Thursday, July 10, 2014
They've lost interest
IT IS BEING SAID THE MEDIA HAS TURNED ON FADED CELEBRITY IN CHIEF BARRY O.
TO TEST THE VALIDITY OF THAT PREMISE, THESE REPORTERS SURVEYED THE MEDIA LANDSCAPE.
ABC NEWS EXPLAINED, "HE JUST ISN'T TRENDY, YOU KNOW?"
THE CW SPOKE MORE BLUNTLY, "HE'S ABOUT AS RELEVANT TODAY AS EVAN MARRIOTT. HE'S PARIS HILTON TRYING TO LIVE IN A KARDASHIAN WORLD AND THAT JUST AIN'T GONNA' HAPPEN."
NBC NEWS EXPLAINED, "PEOPLE JUST DON'T WANT TO WATCH HIM ANYMORE -- HE'S LIKE SEASON FOUR OF HEROES. WE'RE LOOKING AT HIS RATINGS AND WONDERING, 'WHERE DID THE VIEWERS GO?"
FOX NEWS TOLD US, "IT'S SO BAD, EVEN WE ARE STARTING TO FEEL SORRY FOR HIM."
PBS STATED, "WE'D BE HAPPY TO ANSWER THAT QUESTION IN A JUST A MOMENT AFTER WE COME BACK FROM OUR PLEDGE DRIVE. WOULD YOU LIKE A SUZE ORMAN TALKING ALARM CLOCK FOR A $400 PLEDGE OR POSSIBLY A BERT AND ERNIE PLASTIC CUP FOR A $300 PLEDGE?"
NOTING THAT THEIR VIEWERS TREND OLD, CBS NEWS EXPLAINED, "THEY SEE IN BARRY O THE SON WITH PROMISE WHO TURNED INTO THE EMBARRASSMENT YOU NEVER SPEAK OF."
WHEN THESE RESULTS WERE RELAYED BACK TO BARRY O FOR A COMMENT, HE REPLIED, "YES, BUT WHAT DID UPN SAY?"
THESE REPORTERS DID NOT HAVE THE HEART TO EXPLAIN TO THE FADED CELEBRITY IN CHIEF THAT UPN WAS NO MORE.
FROM THE TCI WIRE:
In a [PDF format warning] press release noting that they were now partnering with NBC News and the Wall St. Journal for the 2014 election polling, Annenberg Public Policy Center noted the latest poll found:
71 percent of Americans said that the conflict in Iraq was not worth fighting, and 49 percent said that Washington does not have a responsibility to help the Iraqi government fight off insurgent groups.
49% is a very high number when you consider that they are opposing US President Barack Obama's so-called 'plan' for Iraq. It's not even been a month since Barack drew vague outlines in a June 19th speech. Yet 49% are already opposed to it.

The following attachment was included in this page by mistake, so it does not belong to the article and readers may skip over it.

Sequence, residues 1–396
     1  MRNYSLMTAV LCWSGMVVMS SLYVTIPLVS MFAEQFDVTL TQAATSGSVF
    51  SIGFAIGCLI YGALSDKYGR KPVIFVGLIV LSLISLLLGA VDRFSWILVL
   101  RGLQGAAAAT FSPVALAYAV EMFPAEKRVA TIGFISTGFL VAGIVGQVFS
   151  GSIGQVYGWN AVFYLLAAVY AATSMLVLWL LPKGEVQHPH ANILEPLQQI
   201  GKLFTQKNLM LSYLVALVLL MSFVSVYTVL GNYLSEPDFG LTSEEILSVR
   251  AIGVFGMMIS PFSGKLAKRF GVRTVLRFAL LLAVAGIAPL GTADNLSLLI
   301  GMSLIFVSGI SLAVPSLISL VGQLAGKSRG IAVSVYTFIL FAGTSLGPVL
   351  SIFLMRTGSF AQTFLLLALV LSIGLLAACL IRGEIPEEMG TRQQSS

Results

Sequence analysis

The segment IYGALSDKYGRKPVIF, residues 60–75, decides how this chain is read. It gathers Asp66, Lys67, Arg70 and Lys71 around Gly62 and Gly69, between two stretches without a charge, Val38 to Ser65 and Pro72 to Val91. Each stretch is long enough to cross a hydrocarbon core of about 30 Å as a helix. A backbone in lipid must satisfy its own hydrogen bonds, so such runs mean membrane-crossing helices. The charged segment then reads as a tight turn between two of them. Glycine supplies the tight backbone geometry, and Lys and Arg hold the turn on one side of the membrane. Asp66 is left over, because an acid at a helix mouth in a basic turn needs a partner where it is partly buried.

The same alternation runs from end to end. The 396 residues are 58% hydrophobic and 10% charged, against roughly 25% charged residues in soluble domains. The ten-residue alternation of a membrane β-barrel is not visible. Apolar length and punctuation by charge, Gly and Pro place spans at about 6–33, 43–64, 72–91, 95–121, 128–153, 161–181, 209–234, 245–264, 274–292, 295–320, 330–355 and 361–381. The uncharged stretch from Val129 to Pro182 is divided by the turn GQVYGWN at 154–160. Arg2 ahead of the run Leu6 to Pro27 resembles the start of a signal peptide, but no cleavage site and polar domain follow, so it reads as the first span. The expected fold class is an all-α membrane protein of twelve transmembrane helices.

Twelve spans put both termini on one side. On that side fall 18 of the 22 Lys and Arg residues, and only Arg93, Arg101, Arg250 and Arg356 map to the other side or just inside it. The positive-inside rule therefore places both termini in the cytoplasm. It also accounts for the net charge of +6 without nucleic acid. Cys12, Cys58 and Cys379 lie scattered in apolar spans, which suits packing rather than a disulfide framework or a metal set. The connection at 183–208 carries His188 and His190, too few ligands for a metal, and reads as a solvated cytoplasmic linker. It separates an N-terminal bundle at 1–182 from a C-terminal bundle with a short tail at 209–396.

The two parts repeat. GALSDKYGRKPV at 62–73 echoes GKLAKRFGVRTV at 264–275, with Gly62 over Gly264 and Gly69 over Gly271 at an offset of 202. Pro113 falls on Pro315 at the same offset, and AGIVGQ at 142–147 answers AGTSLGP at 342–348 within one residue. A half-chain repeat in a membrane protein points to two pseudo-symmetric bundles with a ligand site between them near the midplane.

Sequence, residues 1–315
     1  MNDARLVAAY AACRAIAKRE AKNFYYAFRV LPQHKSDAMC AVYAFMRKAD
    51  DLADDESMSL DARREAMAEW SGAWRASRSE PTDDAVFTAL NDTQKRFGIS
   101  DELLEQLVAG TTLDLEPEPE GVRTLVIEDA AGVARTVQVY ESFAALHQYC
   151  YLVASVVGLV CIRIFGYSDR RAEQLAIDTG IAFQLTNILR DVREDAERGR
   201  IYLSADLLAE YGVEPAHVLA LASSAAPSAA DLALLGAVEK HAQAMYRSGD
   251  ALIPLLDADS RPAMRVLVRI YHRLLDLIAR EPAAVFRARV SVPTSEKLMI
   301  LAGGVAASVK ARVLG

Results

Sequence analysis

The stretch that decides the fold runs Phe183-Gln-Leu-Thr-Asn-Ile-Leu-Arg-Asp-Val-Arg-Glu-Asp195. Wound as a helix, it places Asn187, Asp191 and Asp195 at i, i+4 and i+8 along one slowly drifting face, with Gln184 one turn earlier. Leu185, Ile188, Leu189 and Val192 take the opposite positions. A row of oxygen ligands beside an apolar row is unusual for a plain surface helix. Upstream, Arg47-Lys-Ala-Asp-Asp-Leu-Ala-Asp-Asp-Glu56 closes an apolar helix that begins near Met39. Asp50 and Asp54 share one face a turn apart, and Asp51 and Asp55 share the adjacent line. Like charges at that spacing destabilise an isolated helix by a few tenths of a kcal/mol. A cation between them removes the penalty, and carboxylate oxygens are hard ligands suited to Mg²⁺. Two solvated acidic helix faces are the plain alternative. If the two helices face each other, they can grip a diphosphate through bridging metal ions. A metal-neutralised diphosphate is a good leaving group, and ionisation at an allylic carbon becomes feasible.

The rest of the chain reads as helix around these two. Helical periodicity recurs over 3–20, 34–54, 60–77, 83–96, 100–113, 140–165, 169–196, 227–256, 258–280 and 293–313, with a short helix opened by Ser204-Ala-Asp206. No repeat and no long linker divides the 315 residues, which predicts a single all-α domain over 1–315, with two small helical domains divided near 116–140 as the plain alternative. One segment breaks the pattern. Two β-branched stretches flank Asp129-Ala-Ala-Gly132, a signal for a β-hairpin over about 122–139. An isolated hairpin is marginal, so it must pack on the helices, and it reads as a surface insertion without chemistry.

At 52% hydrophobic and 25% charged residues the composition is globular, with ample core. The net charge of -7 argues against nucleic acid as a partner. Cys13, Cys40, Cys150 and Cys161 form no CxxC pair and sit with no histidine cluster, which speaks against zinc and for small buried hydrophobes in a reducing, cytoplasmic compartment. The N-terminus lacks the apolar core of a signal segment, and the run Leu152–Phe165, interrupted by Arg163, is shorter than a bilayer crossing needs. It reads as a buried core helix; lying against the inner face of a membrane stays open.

And for good reason, it's not a plan and it backs Nouri al-Maliki -- the man whose destroyed Iraq over two terms and wants a third one.
Josh Rogin (Daily Beast) speaks with Iraq's Sunni Vice President Tareq al-Hashemi:
ISIS is only one small part of a larger Sunni revolt in Iraq that sectarian groups have been preparing for years, according to Iraq’s exiled Vice President Tariq al-Hashimi. And defeating ISIS won’t stop the greater battle.
“We shouldn’t look at this development of ISIS as apart from the uprising of the Arab Sunni provinces over two years,” Hashimi told The Daily Beast in an interview from Turkey, where he has been living since the government of Nouri al-Maliki purged him in 2012 by indicting him on murder charges, then convicting him in abstentia.
“The provinces have done a peaceful Sunni revolt against the oppression, the injustice, the inhuman conditions the Arab Sunnis have been suffering for years,” he said.
The issue of 'advisors' came up in today's US State Dept press briefing moderated by spokesperson Jen Psaki:
QUESTION: Okay. And let me just follow up on the advisors on the ground. Their first assessment last week was that the Iraqis may be able to defend Baghdad but are unable to sort of retake territory already conquered by the Islamic State. Has there been any update to the situation? Are they doing anything other than assessment and perhaps talking to --
MS. PSAKI: Well, assessing is certainly a part of --
MS. PSAKI: -- what their mandate is. But I would refer you to DOD for any updates on their work on the ground.